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Shoulder Surgery / Arthroscopic Shouler Surgery

 

 

Arthroscopic Shoulder Surgery

Arthroscopy or "key-hole" surgery is a method of performing operations through very small incisions. Specialised instruments are required to perform these operations during which the surgeon views the procedure on a large TV screen.

Although many operations can be carried out using this type of surgery, there are certain circumstances when it will not be possible. In those instances, an operation will need to be performed utilising the more conventional method of "open" incisions. Sometimes where, an arthroscopy is first performed to confirm the diagnosis and it would appear that an open procedure is required, it is then possible to immediately continue with the required operation.

Arthroscopy has been made possible through fibre-optic technology whereby a camera and light source mounted onto the arthroscope, are utilised to visualise the inside of a joint. The image is seen on a television screen.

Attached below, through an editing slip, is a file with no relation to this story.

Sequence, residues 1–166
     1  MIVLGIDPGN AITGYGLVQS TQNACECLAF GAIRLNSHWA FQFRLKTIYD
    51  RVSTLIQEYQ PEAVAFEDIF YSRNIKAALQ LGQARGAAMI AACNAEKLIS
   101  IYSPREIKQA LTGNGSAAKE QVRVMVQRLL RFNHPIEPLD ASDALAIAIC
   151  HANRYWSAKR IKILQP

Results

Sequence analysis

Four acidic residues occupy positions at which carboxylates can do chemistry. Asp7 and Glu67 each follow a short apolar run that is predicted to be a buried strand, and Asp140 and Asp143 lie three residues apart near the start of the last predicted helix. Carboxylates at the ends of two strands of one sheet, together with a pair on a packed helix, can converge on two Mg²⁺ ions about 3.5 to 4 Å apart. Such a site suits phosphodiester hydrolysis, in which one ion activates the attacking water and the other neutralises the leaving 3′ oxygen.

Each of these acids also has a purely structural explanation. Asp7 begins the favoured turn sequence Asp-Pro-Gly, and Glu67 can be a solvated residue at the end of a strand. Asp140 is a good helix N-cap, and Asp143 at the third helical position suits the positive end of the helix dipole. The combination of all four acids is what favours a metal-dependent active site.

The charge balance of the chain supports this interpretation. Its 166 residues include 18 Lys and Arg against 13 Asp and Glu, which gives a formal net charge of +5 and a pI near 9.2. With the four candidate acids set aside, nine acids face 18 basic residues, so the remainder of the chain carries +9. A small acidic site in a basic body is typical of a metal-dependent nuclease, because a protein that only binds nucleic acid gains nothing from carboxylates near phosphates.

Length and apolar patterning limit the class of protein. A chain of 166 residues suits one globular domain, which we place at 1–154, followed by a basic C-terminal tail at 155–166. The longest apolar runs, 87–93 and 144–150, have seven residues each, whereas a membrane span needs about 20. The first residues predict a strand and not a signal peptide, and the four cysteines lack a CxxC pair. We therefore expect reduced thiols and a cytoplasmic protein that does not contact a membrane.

During this procedure cold fluid is pumped into the joint to inflate it and allow improved observation. The cold temperature also reduces bleeding which would hamper good viewing. When a procedure is being performed, a few very small incisions, called "portals" and measuring 3 – 5 mm are required. The number and position of these portals vary and they often heal with minimal scarring.

At the end of a procedure, the fluid may leak out into the tissues causing some swelling. This usually settles down very quickly and in most cases early movements can begin as no muscles have been cut in order to perform this surgery (in “open” operations, the healing of cut muscle determines when free movements can begin. This has a much longer time frame).

Arthroscopic surgery is a well established technique in which advances are continually being made. This minimally invasive surgery allows less discomfort and a substantially quicker recovery period.

Dr de Beer has contributed to several advances in arthroscopic techniques, some of which are:

  • Resurfacing of osteo-arthritic shoulder joints arthroscopically with biological material thus
    often avoiding the need for conventional joint replacement.
  • Stronger fixation of rotator cuff tears enabling patients to mobilize their arms earlier and
    more safely.
  • Making arthroscopic excision of the acrommio-clavicular joint even less invasive than before.